Thursday, February 26, 2015

The Thrill of Hope

The Thrill of Hope by Bruce Green

Pastor Bruce Green has given his readers an accessible and hope-filled look at the sometimes puzzling Book of Revelation.  Bruce writes, “In the same way, Revelation was written to show Christians there’s no power like hope.  As John will demonstrate, Satan is the ultimate evil and force behind Rome (14).”  There is both a historical rootedness concerning John’s Epistle and a spiritual battle taking place that John sees in his vision that Bruce seeks to capture. 

Speaking of the “testimony of Jesus” in Revelation 1:9, Bruce remarks that, “Revelation is a bugle call breaking through the haze and chaos of battle urging them not to retreat from the front lines, but to keep their banners raised high for Jesus (29).”  Bruce takes the description of John’s presence on Patmos “on account of the Word of God and the testimony of Jesus” to be indicative of John’s faithful witness to God by which he has been exiled to Patmos (28).  This kind of battle ready witness for the faith is evident throughout the epistle as John gives warning to his readers to stand ready.

What I also really enjoyed about this book is Bruce’s interpretive strategy in interpreting Revelation.  He writes, “John is telling us that God made the message known by signifying it through His angel by John.  This is of critical importance because we’re entering a book of pictures, symbols, and representations.  To try to literalize them is to disregard what we’ve been told; its’ to ignore the instructions we’ve been given (36).”  Understanding the apocalyptic nature of Revelation is to see that John had in mind symbols that pointed to concrete realities in his ministry but also figures that pointed beyond him to the futre.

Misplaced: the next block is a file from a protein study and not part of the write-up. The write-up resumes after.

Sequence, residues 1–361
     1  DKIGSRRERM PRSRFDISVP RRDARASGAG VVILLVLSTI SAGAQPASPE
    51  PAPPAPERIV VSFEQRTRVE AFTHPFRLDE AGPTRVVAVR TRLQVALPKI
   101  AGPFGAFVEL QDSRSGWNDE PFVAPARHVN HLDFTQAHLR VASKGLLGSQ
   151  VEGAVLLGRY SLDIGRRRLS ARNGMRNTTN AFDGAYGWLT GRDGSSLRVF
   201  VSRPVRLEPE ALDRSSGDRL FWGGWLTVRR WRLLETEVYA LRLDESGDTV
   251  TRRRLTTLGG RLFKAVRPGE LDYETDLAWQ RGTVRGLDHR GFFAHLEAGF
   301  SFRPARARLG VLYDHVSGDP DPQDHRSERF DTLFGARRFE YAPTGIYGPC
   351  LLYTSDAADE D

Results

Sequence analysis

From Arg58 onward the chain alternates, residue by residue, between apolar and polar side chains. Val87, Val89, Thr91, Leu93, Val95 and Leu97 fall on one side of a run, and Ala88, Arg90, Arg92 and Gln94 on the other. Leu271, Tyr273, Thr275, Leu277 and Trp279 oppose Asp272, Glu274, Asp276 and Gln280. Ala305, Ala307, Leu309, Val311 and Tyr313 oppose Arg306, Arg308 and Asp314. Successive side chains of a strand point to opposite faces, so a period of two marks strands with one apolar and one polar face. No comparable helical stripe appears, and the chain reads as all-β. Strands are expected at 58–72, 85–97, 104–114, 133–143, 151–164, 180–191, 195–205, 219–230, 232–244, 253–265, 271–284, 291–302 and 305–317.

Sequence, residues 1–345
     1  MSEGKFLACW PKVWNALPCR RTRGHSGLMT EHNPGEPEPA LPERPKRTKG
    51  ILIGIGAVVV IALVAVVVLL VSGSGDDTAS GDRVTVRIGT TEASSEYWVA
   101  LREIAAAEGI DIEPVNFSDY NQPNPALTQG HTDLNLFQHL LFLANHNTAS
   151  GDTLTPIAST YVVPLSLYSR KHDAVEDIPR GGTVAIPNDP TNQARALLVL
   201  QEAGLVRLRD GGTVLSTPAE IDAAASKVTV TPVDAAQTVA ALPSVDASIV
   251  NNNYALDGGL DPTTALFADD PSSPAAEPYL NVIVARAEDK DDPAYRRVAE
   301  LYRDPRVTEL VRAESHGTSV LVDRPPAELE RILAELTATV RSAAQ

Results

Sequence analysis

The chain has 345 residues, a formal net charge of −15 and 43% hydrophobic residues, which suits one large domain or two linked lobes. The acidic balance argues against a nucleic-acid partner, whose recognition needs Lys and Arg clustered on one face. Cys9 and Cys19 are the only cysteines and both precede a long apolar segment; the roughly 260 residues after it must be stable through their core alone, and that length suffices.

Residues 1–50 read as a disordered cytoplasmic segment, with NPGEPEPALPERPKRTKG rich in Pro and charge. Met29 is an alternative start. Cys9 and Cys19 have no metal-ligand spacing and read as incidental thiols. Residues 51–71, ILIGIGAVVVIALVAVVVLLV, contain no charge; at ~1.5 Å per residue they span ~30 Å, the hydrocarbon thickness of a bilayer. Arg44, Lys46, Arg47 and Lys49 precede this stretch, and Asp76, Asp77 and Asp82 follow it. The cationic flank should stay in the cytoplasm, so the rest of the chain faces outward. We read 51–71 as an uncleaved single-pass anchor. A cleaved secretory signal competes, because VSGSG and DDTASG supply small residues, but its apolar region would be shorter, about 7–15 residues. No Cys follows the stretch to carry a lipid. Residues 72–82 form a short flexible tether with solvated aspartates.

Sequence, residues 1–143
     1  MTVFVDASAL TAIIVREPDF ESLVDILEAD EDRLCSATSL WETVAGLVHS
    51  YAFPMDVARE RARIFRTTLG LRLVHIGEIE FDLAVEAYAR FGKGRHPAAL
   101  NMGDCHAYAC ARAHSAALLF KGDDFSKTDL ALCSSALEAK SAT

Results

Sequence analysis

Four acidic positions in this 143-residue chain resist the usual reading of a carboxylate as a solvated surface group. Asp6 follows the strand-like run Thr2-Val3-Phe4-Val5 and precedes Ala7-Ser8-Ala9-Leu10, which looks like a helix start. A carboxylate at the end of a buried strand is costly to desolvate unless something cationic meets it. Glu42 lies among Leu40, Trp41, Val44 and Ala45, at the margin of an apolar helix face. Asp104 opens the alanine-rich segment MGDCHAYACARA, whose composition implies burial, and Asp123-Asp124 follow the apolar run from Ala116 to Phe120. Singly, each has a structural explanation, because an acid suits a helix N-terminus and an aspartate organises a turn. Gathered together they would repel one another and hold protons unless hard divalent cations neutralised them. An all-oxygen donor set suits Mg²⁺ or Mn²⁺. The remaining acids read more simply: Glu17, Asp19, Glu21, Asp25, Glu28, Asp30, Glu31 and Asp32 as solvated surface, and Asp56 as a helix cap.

Overall, I think this was a very good resource on the book of Revelation.  With research backed by the work of Bauckham, Gorman, Aune, and others, you can tell that Bruce has done his research.

Thanks to Book Crash and Start 2 Finish Books for the copy of this book in exchange for an honest review.

Monday, February 23, 2015

Cosmos Reborn

Cosmos Reborn by John Crowder

At the outset I was impressed by John’s Trinitarian focus, his insistence on the love of God, and his interaction with such theologians as Barth, Torrance, and C. Robert Capon.  There is true sense that John is seeking to focus our attention on the who (Jesus Christ) rather than the explaining the “how,” or how it all works out in a nice an neat theological system.  I also appreciate John’s insistence, though somewhat misguided due to his criticism on law, that God’s love is what compelled him to send his Son to the Cross for us.

Yet, there are some major problems with this book regarding the areas of penal substitution, hell, and God’s love.

One, John excoriates and hates the idea of penal substitution, something that he calls theological garbage (52).  Why?  Because he does not believe that God the Father abandoned the Son on the cross and that sin has deafened our ears and hearts to God but not separated us from him, rather separation from God is just an illusion (58).  John then goes on to set up this torturous relationship between Jesus and the angry, legalistic Father as portraying penal substitution.  I don’t know of a single evangelical author who sees this dualistic relationship between God the Father and the Son as portraying penal substitution.  Rather, the main problem with this chapter on penal substitution is John’s scant references to the OT and his failure to understand Leviticus as providing the background to this teaching.  Also, most evangelical authors would agree that God’s wrath is an extension of his love and yet there is room to understand this being wrath being poured out on the Son.